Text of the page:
(5) A smoke machine simulates a chemical spill following an explosion in a county chemical and fuel storage yard during a full-scale exercise in Harney County, Oregon. Full-scale exercises are typically the most complex and resource-intensive type of exercise.
(5) A smoke machine simulates a chemical spill following an explosion in a county chemical and fuel storage yard during a full-scale exercise in Harney County, Oregon. Full-scale exercises are typically the most complex and resource-intensive type of exercise.

FSE Examples in Two Oregon Counties

In 2015 in Clatsop County, Oregon, an FSE took place involving 12 organizations for a simulated anhydrous ammonia tank truck leak at a seafood packing facility, endangering employees and occupants at a nearby U.S. Job Corps facility. Objectives were developed from areas for improvement in a previous functional exercise in 2014 and included resolving and determining the appropriate agency having jurisdiction for cleanup.

Demonstrating the “progressive approach” HSEEP characteristic, 2014’s functional exercise objectives had been based on “lessons learned” areas for improvement identified in a purely transportation-related TTX with a similar scenario but not involving civilian organizations or fixed facilities.

In Harney County, Oregon, a full-scale terrorism-related exercise took place involving two small municipal volunteer fire departments, a tribal fire department, a state regional hazardous materials team, the Oregon National Guard Weapons of Mass Destruction Civil Support Team, and County Emergency Management. The exercise objectives were selected primarily to address the areas for improvement identified in a TTX earlier that year. The scenario involved a simulated terrorist explosive device on a county fuel storage tank that malfunctioned; the resulting explosion caused a nearby pesticide storage tank to leak (photo 6), contaminating two victims.

(6) An Oregon National Guard Weapons of Mass Destruction Civil Support Team participated in the decontamination setup and conduct during the multiagency exercise simulating a terrorist explosion and chemical leak. You must monitor safety issues, particularly regarding the use of props.
(6) An Oregon National Guard Weapons of Mass Destruction Civil Support Team participated in the decontamination setup and conduct during the multiagency exercise simulating a terrorist explosion and chemical leak. You must monitor safety issues, particularly regarding the use of props.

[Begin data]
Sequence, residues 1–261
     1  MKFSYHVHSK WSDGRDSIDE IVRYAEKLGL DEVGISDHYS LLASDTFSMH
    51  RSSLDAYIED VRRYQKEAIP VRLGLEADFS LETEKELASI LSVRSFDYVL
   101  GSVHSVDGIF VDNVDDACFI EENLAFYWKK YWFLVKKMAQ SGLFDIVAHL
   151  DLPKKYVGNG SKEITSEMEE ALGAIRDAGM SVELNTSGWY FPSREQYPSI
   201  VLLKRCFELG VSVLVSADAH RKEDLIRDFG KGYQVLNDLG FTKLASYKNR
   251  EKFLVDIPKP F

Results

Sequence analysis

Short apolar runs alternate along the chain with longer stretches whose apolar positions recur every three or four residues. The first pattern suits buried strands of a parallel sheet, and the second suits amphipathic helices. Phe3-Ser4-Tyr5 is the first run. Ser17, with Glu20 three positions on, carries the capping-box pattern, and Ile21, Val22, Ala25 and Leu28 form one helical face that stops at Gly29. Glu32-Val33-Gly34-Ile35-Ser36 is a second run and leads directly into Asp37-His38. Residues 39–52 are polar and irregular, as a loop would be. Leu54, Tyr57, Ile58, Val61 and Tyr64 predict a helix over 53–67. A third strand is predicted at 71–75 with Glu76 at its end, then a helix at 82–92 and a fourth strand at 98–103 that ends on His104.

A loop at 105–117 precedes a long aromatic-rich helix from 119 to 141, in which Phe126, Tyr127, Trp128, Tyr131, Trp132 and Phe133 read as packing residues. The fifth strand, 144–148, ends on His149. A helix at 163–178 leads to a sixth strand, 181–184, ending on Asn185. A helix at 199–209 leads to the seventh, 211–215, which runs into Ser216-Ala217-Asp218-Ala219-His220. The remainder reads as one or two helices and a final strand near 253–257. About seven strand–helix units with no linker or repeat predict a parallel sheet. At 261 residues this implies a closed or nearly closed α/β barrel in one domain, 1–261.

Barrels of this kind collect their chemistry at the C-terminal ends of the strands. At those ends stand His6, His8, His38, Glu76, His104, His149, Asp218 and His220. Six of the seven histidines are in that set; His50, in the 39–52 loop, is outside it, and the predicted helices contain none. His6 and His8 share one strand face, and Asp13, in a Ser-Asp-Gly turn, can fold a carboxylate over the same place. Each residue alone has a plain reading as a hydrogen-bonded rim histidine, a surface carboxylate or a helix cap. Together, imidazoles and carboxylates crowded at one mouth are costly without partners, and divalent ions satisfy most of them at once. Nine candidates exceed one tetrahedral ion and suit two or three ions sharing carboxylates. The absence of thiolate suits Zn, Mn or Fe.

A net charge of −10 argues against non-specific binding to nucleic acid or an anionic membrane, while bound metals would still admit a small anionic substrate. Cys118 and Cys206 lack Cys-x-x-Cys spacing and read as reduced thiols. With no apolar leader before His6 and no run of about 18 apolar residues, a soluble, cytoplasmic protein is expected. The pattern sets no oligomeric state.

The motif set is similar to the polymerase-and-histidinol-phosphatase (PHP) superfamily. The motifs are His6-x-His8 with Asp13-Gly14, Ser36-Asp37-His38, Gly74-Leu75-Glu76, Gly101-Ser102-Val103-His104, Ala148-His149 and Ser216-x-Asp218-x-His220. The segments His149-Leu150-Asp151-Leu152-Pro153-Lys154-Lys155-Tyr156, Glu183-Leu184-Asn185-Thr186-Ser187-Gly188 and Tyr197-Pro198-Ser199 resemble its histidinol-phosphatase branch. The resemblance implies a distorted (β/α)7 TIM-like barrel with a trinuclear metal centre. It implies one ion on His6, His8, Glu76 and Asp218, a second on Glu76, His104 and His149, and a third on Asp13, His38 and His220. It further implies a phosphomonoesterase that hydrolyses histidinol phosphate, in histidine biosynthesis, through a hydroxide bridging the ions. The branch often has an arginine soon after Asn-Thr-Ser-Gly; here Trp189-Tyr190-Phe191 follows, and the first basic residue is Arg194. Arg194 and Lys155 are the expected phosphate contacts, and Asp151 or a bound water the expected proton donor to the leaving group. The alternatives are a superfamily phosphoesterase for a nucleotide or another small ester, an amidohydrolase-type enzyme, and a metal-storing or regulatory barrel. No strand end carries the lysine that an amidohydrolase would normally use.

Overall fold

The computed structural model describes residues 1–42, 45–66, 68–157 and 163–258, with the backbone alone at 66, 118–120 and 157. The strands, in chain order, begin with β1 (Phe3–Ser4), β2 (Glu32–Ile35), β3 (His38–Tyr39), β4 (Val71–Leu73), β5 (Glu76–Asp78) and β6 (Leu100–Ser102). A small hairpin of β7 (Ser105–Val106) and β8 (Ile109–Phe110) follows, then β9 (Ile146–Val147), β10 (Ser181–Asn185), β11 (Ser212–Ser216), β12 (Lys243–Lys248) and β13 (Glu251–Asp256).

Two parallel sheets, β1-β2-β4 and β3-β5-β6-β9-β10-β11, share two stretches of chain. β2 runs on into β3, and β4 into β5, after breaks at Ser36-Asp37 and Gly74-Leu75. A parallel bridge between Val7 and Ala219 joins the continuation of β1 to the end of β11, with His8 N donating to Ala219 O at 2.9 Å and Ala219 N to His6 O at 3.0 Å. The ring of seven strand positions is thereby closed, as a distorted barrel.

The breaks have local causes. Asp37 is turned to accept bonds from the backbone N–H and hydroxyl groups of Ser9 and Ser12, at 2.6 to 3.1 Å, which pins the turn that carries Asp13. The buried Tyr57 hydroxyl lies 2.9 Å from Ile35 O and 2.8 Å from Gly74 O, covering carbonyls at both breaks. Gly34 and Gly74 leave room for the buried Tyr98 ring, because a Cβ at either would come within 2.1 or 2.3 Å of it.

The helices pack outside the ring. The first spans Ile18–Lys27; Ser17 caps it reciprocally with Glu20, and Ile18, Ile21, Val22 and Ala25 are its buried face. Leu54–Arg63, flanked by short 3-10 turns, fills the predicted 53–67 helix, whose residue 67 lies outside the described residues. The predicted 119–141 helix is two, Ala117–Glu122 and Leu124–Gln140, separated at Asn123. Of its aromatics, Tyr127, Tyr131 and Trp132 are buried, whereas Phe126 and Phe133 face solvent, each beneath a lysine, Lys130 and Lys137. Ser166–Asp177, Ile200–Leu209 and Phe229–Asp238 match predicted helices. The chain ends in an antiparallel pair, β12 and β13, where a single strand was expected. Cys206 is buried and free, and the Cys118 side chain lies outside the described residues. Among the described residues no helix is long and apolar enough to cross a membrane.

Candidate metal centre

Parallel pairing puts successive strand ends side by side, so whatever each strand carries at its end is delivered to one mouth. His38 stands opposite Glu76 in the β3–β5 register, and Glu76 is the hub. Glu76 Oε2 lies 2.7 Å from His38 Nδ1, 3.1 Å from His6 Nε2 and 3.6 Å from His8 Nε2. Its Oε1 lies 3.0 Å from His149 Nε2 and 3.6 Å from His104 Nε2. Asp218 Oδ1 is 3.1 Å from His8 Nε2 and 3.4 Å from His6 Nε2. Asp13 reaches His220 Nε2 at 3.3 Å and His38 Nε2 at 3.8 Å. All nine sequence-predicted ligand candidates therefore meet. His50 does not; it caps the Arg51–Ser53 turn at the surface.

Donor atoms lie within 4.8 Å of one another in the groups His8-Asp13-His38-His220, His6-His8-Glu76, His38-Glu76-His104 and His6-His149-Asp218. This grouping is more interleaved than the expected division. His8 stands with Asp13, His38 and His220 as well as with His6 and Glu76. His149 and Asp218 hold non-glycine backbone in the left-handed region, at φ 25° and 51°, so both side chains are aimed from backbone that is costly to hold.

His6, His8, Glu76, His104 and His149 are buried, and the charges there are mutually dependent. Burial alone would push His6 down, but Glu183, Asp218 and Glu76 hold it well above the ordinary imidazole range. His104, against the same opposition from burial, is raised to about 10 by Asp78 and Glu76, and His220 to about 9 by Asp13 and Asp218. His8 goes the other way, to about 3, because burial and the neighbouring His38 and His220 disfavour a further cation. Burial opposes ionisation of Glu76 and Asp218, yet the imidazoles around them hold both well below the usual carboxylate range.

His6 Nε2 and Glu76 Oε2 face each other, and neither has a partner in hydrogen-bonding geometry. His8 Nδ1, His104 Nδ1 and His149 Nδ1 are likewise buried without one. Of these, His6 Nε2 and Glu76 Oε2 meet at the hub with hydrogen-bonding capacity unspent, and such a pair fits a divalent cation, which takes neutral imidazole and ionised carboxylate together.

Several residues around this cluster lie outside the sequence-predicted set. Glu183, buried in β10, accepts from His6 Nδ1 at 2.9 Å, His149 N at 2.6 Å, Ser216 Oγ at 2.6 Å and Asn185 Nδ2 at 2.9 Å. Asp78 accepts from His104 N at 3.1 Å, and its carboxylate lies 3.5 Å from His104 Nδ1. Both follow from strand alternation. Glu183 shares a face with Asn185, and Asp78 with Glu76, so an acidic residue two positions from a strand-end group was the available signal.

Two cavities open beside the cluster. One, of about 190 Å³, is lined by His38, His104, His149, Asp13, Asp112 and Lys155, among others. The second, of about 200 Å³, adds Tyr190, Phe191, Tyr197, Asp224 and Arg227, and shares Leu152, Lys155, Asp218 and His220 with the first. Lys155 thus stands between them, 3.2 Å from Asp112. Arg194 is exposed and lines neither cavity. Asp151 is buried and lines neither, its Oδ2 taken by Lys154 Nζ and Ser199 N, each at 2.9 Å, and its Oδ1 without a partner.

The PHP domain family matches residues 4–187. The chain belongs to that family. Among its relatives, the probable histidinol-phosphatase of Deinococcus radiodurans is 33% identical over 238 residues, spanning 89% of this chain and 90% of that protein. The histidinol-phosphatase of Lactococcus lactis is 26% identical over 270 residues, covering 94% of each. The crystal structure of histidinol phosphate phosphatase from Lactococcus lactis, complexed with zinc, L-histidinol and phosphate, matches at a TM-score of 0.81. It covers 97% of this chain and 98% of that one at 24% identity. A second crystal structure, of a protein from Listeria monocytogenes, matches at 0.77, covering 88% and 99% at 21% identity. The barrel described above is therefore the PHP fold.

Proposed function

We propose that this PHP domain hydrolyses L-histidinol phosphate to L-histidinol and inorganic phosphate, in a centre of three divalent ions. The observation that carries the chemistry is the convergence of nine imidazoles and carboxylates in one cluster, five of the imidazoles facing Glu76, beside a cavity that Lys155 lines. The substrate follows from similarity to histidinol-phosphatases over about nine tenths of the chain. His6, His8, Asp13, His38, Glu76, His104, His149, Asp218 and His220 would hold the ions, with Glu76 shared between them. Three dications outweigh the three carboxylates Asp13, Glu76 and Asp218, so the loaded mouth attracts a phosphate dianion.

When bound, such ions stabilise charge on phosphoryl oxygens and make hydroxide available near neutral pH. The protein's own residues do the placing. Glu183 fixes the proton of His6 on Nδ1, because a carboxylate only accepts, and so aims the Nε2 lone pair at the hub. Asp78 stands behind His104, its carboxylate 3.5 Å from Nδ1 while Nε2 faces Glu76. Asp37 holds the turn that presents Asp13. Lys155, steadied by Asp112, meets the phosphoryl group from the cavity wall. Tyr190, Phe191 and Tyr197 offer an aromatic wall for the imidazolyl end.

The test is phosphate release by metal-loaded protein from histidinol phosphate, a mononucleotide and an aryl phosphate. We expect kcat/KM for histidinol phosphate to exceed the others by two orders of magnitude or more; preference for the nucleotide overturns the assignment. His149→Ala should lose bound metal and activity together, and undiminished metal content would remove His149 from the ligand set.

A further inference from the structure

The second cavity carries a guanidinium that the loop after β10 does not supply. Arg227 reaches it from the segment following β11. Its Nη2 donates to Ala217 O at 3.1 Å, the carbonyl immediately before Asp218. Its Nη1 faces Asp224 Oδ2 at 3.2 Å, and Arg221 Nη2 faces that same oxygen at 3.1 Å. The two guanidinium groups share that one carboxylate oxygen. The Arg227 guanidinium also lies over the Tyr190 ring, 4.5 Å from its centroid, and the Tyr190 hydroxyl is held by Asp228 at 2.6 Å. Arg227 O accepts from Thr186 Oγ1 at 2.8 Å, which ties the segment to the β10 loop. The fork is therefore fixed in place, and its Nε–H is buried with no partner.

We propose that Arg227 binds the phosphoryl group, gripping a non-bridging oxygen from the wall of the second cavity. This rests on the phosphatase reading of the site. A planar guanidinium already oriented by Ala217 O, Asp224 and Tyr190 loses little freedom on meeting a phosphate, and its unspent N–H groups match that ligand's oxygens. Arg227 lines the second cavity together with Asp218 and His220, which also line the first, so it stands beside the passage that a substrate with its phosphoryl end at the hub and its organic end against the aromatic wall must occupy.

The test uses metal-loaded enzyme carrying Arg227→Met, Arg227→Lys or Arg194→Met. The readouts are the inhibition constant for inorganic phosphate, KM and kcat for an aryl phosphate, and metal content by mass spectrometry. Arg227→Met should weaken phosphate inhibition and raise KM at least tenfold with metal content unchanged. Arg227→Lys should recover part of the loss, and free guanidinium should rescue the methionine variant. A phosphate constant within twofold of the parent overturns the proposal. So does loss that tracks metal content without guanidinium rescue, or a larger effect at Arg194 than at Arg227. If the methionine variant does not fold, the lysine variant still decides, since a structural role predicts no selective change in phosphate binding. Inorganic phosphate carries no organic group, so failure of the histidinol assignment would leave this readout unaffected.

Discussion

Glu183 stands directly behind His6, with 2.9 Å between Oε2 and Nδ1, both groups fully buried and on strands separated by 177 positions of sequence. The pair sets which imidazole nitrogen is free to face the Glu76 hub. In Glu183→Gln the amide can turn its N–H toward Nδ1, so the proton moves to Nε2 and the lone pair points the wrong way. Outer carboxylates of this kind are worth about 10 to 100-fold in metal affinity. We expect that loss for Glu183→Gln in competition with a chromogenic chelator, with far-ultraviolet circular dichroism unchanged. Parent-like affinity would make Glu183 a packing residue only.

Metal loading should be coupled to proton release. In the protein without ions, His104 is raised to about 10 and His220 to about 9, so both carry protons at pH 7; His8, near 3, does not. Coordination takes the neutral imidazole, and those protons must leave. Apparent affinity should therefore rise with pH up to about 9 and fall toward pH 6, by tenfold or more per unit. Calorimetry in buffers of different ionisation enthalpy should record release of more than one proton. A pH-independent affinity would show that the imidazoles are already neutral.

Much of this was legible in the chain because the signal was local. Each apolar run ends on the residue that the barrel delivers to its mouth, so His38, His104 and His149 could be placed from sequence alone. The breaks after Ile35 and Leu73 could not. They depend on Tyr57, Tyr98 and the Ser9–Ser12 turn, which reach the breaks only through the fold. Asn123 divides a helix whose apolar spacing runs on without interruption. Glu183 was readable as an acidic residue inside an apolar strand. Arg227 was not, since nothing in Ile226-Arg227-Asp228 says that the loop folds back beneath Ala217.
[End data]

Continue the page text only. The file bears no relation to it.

In both counties, the HSEEP manual provided a literal step-by-step guidance in the development, planning, writing, conducting, and evaluation of functions to improve emergency response agency performance through an exercise with specific objectives. Both exercises involved U.S. Department of Transportation’s Hazardous Materials Emergency Preparedness Grant funding administered by the Office of the State Fire Marshal and Oregon State Police. This funding allowed for the use of an outside contractor with extensive expertise in exercise conduct and decades of experience in responding to real-world hazardous materials public safety agency emergencies. Employing outside experts also facilitated an even-handed approach to agency relationships and an unbiased assessment of department performance and selection of specific areas for improvement.

Most departments do not have thousands of grant dollars for an exercise, but they can gain the same training and preparedness benefits as did the Oregon departments noted above by following the provisions in the HSEEP manual to develop, conduct, and evaluate their own exercises at whichever level is most appropriate for their training and performance objectives.

STEVE HERMANN, CEM, retired as the hazardous materials coordinator for the Arizona Department of Public Safety. He also served as Arizona’s senior state-on-scene coordinator for hazardous materials emergency response. He has supervised more than 120 serious hazardous materials highway and rail incidents over the past 25 years; has participated in raiding more than 150 clandestine drug laboratories; and has published more than 140 articles during the past 27 years in every major police, fire, and environmental magazine. Hermann is a senior executive fellow at Harvard University’s John F. Kennedy School of Government. He is a retired Army Chemical Corps Colonel in the United States Army Reserves and is a graduate of the United States Army Command and General Staff College and the U.S. Army War College. Hermann has a bachelor of science degree in explosives technology from the University of Minnesota and is a graduate of the U.S. Naval School Explosive Ordnance Disposal. He was a bomb technician under the FBI Bomb Data Program, and he formed and commanded its bomb squad.